by his mother and his siblings who introduced what seemed a 'phallic' type of rhythm to complicate further his
already extended battle front. His relation with his mother became quite intense and most satisfactory during the
anal stage of development when normally mothers tend to regress to their own level of anality. It reached an
even higher intensity in the phallic phase when he satisfied his mother's needs by consistently endowing her with
a phallus and presenting himself to her as her phallus. But at the height of phallic interests, during the most
intense Oedipal relation to his mother, his stuttering became severe.
In latency, an obsessive trend threatened to take over. Toward the end of his latency, when early prepuberty
began to appear, Charlie's blinking, shaking, and tic betrayed the renewal
- 30 -
of conflicts between divergent forms of motor impulses. These were based on the early clash between his
mother's and his own preferred rhythms of discharge. They were also currently renewed by the disharmony
between his mother's preferred adult patterns and his own matured motor qualities.
The periodic observation of these three children from the neonatal through the latency period indicates a
correlation between their preferred rhythms of motor discharge and their specific drive endowment. Certain
features of their originally preferred rhythms are still in evidence today. A result of the study which had not
been predicted is that two of the children (Glenda and Charlie) function better and enjoy doing things more if
they are free to use their originally preferred rhythms. Modifications that occurred through maturation as well as
through interaction with persons important to the children enhanced or diminished certain components of the
originally observable rhythms, but they did not eradicate the children's preference for these motor patterns. A
clash between Charlie's and his mother's favored motor rhythms, discernible in early infancy, did become a
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source of Charlie's neurosis.
While the general proposition that preferred motor rhythms would correspond to favored component drives
proved to be correct for these three children, specific predictions about their personality traits, based on this
assumption, had a varying outcome. Some could not be tested, others seemed correct, and still others were
Whether Glenda's phallic orientation is primarily due to her congenitally strong phallic drive cannot be
established with certainty. There are indications that this trend has been supported by the family. Her mode of
giving up after a short while and resuming activities again is now interwoven into a complex pattern of behavior.
When left to her own devices she proceeds in this manner. When she has to do sedentary work she seems
persistent enough but at great cost to herself. There is not sufficient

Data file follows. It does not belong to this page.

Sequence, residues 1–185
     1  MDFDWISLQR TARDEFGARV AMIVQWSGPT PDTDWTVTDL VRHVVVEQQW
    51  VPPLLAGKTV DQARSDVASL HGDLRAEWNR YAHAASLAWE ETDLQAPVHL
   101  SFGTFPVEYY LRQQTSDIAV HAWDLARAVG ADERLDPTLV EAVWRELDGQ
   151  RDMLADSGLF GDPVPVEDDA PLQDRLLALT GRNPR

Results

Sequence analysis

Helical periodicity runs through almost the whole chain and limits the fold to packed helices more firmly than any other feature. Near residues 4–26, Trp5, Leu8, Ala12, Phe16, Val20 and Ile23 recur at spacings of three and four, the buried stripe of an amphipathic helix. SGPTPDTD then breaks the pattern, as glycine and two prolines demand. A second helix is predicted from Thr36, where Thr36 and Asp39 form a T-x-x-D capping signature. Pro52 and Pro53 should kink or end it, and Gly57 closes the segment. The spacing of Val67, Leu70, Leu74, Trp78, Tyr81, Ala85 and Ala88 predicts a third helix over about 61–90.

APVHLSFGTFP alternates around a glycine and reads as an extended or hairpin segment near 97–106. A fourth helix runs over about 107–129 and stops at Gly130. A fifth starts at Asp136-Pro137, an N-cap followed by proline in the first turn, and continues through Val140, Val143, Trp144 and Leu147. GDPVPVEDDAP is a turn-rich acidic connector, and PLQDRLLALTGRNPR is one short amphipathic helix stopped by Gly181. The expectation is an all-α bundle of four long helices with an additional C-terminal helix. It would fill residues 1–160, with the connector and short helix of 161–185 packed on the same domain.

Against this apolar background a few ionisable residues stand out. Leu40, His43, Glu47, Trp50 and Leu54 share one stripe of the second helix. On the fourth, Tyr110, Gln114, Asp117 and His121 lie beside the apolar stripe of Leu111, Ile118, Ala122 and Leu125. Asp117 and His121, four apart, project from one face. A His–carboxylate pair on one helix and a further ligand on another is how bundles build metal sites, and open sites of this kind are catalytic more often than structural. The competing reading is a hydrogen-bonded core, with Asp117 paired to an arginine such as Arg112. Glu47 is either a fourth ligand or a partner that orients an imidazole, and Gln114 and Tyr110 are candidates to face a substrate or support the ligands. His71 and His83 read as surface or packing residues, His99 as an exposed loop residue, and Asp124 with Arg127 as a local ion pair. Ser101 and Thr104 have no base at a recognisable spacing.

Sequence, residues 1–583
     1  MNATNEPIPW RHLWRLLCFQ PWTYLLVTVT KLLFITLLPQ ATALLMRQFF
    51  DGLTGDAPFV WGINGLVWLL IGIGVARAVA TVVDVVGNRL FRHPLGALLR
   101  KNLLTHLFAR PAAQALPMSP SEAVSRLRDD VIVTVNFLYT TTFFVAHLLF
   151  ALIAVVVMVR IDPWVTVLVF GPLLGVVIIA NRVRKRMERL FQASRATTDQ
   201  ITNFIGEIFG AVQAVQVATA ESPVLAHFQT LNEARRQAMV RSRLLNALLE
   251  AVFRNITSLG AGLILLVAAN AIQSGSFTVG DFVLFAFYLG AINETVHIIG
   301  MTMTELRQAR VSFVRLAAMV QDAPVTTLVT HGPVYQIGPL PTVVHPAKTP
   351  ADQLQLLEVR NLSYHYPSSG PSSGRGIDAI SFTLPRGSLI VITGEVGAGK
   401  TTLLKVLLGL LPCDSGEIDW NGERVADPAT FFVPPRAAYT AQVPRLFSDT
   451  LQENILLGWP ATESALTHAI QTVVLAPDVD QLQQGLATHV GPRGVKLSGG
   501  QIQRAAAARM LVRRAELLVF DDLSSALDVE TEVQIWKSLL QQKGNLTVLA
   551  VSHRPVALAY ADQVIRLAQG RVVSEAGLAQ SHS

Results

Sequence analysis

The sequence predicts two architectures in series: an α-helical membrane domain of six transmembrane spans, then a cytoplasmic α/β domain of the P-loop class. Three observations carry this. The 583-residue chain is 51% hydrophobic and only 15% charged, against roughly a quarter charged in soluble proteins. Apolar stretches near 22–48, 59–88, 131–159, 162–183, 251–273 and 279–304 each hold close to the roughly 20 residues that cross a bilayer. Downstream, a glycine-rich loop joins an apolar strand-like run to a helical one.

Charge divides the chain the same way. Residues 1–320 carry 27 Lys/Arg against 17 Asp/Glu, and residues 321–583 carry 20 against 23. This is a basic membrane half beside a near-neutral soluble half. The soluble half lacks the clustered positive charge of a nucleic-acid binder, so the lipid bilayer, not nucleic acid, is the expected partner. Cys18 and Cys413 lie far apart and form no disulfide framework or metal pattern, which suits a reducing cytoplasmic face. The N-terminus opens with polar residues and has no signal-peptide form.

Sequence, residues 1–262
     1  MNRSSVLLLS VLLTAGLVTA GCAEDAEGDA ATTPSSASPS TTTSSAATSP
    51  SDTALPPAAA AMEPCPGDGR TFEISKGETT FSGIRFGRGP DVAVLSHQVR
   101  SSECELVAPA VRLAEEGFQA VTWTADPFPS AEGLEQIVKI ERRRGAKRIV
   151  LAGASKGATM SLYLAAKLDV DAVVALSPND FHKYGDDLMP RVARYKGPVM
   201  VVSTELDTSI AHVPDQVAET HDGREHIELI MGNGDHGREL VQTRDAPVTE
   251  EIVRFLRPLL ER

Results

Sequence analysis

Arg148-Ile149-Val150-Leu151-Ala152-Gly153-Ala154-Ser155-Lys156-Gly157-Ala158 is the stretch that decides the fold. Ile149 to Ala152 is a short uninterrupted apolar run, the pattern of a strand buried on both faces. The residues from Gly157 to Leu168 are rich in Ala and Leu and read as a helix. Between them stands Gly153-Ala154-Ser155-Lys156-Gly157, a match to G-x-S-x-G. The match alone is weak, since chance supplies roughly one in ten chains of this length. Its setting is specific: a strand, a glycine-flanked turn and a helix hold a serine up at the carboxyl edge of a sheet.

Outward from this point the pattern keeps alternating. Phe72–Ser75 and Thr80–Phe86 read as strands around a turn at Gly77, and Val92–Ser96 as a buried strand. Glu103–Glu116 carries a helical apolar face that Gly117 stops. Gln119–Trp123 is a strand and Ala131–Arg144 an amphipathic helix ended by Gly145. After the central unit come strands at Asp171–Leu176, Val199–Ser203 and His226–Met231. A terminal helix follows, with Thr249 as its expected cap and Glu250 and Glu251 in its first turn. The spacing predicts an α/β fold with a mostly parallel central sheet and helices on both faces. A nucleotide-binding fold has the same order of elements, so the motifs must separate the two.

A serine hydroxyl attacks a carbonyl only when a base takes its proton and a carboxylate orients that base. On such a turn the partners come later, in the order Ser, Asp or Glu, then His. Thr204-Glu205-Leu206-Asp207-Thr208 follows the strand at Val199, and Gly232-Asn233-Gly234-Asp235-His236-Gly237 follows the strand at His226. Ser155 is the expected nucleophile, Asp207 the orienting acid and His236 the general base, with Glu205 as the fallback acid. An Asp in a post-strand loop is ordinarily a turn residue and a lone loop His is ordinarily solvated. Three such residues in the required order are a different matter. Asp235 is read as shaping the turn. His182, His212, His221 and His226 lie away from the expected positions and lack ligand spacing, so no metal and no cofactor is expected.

- 31 -
evidence of a tendency to incorporate and project in quick succession. Neither is it possible on the basis of
observations and reports to judge the structure of her superego. What emerges instead with great clarity is
Glenda's skill and enjoyment of activities in which she is free to use 'phallic' motor discharge. The 'oral-sadistic'
rhythm of motor discharge is preferred in sedentary occupations, which Glenda neither enjoys nor excels in.
Nancy's early dysrhythmia seems to have been produced by a variety of unfused oral libidinal and
aggressive rhythms of discharge. They often operate all at once, competing with each other and not allowing
compromises with other forms of discharge. Until recently Nancy has continued to be very rigid and clutching.
Her immature defensive structure seems to be based on rigid perseveration. Little can be said about her
superego. We can say, however, that whereas Glenda has become a mildly neurotic child, Nancy remains highly
deviant, possibly psychotic. There is some indication that she tends to incorporate persistently. The dearth of
information about her behavior and her interests attests to the fact that her individuality can be best described as
having 'form without content'.
Charlie's neurotic development can be traced since early infancy. His predominant rhythm since birth has
been gradual ascent of tension from low to high levels, followed by a plateau of tension from which it gradually
descends. This type of rhythm seems to correspond to one variety of discharge of anal drives (see Illustration 5).
His mother tended to use abrupt rises of tension and was prone to many more fluctuations of tension than
Charlie. The superimposition of this quality of her rhythm upon Charlie's own gradual and steady mode has led
to early clashes between them. It has contributed significantly to Charlie's neurotic symptoms and traits. He has
remained determined and placid but in his symptoms one can detect a vying between a gradual and an explosive
ascent of tension. He did not give up his strong attachment to his mother, and there is no evidence that he turned
to his father. His premature ego development may have fostered his neurotic solutions, and these in
- 32 -
turn resulted in a restriction of the ego. It has remained clear throughout his development that he functions
better when allowed to proceed in accordance with his congenitally preferred anal rhythm of discharge.
The method of rhythm notation which was developed during a near decade of study was not used in the
beginning of the observation of these three children. Descriptive recording does not do justice to the variety and
combinations of rhythms observable even in the neonate. The classification of motor rhythms into 'oral', 'anal',
and 'phallic' constitutes only a beginning of the study on correlations between motor rhythms and drive